GameStop Showed Short Interest > Float. How Could That Be?

Sometimes the simplest questions have the most difficult answers. Last week, as GameStop (GME), was at the height of its imponderable surge, a reporter asked me why Bloomberg showed that the short interest of GME was 144% of the float. Her company was not in the business of displaying erroneous data, especially when it came from an external source, yet that reading seemed illogical if not impossible. Rather than make up an explanation that could embarrass both of us, I delved into the mechanics of stock lending. I thought it would be useful to share the explanation with you.

The quick answer is that the same shares can be lent and re-lent multiple times. While the free float – which is defined as the number of a company’s outstanding shares that are available for trading and not held by insiders or the company itself – is relatively fixed, the short interest amount can vary substantially. That number is reported bi-weekly by NYSE and Nasdaq. It is unusual to see such a huge short interest relative to a company’s available shares, but it is not necessarily the sign of something incorrect or nefarious. The full answer is quite a bit more complex.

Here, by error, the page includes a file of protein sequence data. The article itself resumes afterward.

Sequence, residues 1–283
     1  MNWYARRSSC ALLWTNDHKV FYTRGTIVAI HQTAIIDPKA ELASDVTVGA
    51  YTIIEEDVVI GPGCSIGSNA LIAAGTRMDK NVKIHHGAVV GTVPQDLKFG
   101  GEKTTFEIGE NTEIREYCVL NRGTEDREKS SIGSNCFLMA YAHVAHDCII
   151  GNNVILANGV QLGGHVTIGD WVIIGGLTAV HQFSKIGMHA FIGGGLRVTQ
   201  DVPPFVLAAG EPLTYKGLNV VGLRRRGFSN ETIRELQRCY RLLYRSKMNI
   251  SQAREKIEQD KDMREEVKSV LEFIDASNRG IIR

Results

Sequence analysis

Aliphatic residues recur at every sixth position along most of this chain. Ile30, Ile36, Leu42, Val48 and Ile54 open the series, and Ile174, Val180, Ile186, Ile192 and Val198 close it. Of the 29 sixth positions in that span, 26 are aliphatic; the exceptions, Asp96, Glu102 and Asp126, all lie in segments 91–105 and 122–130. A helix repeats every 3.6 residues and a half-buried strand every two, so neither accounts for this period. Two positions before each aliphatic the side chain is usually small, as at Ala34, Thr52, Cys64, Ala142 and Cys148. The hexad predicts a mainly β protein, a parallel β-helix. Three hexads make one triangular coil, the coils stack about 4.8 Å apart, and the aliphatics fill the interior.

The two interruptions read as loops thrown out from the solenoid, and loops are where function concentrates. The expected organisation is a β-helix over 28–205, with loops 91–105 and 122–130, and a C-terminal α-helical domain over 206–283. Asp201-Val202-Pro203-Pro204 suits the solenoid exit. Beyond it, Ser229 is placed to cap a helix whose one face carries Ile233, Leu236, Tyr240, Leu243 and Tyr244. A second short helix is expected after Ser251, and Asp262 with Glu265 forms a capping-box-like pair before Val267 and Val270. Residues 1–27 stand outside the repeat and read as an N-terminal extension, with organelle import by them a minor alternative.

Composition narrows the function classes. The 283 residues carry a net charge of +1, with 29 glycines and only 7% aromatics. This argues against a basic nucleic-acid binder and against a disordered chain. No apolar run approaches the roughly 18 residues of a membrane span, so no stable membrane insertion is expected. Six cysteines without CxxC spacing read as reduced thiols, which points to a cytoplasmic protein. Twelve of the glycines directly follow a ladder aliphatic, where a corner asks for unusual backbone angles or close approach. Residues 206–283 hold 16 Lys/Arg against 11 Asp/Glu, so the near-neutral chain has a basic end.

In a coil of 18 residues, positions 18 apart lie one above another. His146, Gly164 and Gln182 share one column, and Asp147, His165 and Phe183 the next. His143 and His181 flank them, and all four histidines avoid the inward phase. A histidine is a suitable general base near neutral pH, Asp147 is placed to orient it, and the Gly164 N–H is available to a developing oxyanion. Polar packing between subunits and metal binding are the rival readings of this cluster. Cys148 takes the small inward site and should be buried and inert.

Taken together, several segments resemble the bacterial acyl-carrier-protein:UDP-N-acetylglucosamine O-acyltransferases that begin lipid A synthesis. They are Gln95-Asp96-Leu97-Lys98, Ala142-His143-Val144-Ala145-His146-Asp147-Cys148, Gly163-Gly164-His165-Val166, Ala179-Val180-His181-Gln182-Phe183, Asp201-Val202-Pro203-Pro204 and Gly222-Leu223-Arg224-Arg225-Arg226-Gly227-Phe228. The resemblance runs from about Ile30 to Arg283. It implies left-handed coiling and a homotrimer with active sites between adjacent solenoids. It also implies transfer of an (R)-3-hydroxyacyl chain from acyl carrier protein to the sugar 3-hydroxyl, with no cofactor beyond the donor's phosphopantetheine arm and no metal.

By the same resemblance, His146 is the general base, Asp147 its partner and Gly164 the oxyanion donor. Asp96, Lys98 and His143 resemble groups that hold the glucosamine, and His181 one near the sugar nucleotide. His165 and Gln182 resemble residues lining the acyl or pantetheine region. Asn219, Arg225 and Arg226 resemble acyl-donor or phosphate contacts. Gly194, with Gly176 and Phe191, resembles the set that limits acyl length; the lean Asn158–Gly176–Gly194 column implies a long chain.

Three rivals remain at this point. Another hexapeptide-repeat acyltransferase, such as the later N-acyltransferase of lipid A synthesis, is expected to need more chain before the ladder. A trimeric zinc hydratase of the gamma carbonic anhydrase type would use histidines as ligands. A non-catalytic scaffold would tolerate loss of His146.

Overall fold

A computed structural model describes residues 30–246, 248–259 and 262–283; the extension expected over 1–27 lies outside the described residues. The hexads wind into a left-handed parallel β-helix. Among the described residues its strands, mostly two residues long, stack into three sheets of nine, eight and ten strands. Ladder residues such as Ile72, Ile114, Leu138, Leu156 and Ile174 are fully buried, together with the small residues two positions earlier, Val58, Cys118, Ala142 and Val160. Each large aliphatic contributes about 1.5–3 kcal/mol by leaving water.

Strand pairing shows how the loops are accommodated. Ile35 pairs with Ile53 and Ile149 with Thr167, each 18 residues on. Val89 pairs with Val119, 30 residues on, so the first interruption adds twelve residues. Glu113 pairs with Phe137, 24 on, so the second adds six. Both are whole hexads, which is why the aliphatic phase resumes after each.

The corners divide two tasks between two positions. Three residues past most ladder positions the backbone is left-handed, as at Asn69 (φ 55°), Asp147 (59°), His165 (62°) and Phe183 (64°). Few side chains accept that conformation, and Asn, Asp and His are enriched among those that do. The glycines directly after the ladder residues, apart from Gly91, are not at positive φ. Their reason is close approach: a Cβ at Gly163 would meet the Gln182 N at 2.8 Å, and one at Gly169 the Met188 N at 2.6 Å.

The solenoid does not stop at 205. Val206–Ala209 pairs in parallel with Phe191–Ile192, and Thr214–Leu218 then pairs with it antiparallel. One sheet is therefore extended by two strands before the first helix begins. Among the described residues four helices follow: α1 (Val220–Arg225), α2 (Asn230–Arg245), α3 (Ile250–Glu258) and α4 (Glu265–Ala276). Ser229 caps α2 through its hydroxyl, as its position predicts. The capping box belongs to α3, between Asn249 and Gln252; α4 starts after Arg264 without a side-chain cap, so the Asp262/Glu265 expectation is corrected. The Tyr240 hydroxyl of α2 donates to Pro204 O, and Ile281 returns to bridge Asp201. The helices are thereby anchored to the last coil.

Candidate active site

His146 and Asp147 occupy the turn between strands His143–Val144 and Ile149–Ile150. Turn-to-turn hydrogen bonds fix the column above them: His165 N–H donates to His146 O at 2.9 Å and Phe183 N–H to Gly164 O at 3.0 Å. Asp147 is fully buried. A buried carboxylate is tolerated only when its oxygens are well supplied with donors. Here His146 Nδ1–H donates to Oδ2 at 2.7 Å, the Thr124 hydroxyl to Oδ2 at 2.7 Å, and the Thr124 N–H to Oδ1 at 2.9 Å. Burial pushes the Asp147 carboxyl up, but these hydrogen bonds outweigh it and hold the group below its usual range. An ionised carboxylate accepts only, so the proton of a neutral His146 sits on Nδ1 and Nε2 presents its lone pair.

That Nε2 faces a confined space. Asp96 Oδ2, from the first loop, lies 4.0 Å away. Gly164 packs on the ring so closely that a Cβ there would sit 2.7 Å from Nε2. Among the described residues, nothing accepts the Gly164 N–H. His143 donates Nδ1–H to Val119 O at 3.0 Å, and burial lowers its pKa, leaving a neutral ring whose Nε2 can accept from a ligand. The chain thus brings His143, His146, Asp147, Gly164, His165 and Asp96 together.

Stock lending is a crucially important and opaque aspect of the securities industry. Its opacity adds to its profitability, and its profitability is one of the reasons that brokers can offer free commissions. Brokers routinely lend out their customers’ shares, often using the proceeds either as a cheap source of funding or for outright profit. Those lent shares are used by short-sellers. Bear in mind that the vast majority of short-selling is benign, and actually a necessary lubricant to the smooth functioning of markets. Short sales are used by market makers to facilitate customer purchases and for hedging purposes. Arbitrageurs will sell stocks short against index futures or ETFs to keep prices in line. And a wide variety of traders, who legitimately believe that a company is overvalued, will short its shares after borrowing them.

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